Cloquet cannabis dispensary readies for legalization

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Lawmakers are scheduled to vote on the legalization of marijuana in Minnesota on Friday. While marijuana products derived from hemp have been nationally legal since Congress passed the 2018 Farm Bill, Minnesota Senators will decide whether or not to make more potent marijuana products derived from the feminized plant available to Minnesotans.

The Minnesota House of Representatives passed its version of a bill to legalize adult-use cannabis on April 25th, 71 to 59. If passed in the senate, the differences in the bill’s two versions will need to be reconciled before advancing to Governor Walz’s desk.

Recently opened Salute Dispensary in Cloquet, hopes to be among the first businesses to offer Northlanders adult-use cannabis products.

“We are very excited that it passed the House,” said Cassandra Metro, Manager of Salute Dispensary. “We are also very hopeful that it will pass the Senate with the people that are in office. We’re very hopeful that Friday will be a success as well.”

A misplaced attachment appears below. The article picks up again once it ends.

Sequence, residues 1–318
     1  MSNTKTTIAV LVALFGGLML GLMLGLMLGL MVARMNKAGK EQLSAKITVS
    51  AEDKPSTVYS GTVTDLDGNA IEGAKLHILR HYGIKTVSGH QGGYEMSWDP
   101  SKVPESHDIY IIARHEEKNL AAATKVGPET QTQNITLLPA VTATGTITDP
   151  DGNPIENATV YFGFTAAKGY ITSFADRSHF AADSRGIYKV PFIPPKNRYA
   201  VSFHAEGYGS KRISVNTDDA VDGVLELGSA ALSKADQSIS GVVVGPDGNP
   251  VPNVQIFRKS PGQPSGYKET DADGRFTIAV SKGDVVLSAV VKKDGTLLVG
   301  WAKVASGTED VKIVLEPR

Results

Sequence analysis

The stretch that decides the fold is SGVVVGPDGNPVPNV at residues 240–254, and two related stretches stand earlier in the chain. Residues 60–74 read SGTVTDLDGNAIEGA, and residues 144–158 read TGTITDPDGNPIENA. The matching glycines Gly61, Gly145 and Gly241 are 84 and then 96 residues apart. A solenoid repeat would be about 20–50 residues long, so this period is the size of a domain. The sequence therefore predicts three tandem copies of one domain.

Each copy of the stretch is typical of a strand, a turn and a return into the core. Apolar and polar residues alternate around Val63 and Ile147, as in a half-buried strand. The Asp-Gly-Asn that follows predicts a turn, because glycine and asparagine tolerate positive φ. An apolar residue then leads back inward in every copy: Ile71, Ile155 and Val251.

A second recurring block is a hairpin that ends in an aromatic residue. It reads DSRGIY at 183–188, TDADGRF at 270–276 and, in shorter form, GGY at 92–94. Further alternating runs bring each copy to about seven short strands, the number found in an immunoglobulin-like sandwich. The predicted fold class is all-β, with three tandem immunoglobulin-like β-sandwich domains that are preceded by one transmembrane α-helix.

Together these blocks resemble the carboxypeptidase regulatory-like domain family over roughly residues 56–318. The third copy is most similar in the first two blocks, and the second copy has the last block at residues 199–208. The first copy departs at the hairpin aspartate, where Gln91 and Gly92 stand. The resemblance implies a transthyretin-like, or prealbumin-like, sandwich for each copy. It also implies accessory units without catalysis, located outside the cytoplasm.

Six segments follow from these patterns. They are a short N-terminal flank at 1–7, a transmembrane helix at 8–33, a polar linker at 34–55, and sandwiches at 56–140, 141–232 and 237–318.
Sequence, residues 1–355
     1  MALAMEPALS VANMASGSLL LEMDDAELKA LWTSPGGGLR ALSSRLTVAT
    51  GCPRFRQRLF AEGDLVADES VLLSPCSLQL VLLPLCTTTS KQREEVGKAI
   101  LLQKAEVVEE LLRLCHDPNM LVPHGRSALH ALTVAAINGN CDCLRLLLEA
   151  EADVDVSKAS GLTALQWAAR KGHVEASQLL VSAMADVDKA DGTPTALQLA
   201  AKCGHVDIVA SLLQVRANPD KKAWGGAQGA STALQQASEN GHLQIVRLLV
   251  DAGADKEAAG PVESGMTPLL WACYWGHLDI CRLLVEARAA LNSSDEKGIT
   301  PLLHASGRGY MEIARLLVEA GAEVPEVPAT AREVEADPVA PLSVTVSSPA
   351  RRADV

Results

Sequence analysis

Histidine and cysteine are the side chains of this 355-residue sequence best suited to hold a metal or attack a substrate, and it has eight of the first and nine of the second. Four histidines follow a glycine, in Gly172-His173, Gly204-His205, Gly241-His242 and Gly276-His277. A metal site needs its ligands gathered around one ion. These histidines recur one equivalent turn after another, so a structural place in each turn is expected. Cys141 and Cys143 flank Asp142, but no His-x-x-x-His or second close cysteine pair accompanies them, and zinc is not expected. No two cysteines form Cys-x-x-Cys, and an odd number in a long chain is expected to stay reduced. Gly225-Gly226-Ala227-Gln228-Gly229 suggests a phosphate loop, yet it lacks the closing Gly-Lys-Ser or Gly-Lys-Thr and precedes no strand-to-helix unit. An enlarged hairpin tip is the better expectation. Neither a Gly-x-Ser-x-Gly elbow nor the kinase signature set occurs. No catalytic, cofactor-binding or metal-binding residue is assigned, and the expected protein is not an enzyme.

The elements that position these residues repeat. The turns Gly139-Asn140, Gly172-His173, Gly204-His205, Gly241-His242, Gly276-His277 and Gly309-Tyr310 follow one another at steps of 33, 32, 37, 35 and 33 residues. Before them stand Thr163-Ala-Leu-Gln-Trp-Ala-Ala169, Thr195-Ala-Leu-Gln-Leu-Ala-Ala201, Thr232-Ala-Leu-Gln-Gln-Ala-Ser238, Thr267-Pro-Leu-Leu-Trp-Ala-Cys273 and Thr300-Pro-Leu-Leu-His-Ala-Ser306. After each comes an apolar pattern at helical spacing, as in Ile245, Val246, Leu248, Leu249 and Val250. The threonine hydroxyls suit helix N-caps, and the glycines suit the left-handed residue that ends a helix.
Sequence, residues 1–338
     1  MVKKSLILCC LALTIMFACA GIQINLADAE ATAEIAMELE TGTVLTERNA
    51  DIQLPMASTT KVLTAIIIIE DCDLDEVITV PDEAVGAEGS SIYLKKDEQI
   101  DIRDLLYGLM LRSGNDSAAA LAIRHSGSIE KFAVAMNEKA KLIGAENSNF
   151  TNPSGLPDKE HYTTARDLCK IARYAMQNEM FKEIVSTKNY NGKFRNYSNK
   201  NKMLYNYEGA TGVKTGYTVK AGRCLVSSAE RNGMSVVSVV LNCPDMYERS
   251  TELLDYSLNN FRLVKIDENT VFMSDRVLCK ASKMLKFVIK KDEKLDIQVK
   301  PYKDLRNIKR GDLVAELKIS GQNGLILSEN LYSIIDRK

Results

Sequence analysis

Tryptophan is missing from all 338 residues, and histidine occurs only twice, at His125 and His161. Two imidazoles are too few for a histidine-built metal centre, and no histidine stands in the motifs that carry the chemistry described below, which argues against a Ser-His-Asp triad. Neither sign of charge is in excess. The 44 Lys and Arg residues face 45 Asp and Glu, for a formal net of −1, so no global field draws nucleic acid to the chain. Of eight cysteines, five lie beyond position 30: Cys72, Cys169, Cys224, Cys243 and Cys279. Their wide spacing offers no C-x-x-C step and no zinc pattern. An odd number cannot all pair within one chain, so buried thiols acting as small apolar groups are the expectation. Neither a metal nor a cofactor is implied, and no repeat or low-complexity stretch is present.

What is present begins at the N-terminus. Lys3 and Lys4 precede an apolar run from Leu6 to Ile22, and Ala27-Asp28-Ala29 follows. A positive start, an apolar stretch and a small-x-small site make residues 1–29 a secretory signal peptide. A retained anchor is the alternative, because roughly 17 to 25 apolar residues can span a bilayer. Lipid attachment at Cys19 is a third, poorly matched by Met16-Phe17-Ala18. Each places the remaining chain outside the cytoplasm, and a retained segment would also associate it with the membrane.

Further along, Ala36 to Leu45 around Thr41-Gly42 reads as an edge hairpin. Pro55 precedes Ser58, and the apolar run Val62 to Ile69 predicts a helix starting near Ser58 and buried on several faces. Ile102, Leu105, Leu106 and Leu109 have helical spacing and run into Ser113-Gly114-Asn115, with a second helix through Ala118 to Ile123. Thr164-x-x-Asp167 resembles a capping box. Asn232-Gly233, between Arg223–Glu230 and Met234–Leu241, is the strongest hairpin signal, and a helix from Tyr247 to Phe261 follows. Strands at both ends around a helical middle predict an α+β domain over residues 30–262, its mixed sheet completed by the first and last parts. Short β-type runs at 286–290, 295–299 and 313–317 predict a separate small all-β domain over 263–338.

If passed, Minnesotans with marijuana-related misdemeanor convictions would see them overturned, and the bill would also establish a body to consider expunging felony convictions on a case-by-case basis.

“We’re hoping to be able to expand to a whole new product line, and eventually, maybe expand our building,” said Metro. “To take down some walls and make a bigger space, so that we can have plenty of more options. But we’re hoping to be able to sell other products that contain marijuana THC, and then sell marijuana itself.”

A recent poll by Minnesota Public Radio shows 53% of Minnesotans in favor of marijuana legalization, with 36% in opposition.

Factors like pricing, regulation, and what can be learned by example from other states are among the considerations important to Minnesotans.

“The Senate, our representatives and everybody has forgotten about this,” said Cloquet resident Dan Tarr. “They’re just wanting to pass it, but there should be some price controls. And I’m not sure the amount that people can raise, but it needs to be controlled. There’s no reason a person should have to pay more than a hundred dollars an ounce for something that grows like crazy.”

Governor Walz has previously expressed his support for legalization and his intention to sign the bill if it reaches his desk. If that happens, lawmakers estimate at least one year between then, and the first recreation marijuana sale in Minnesota.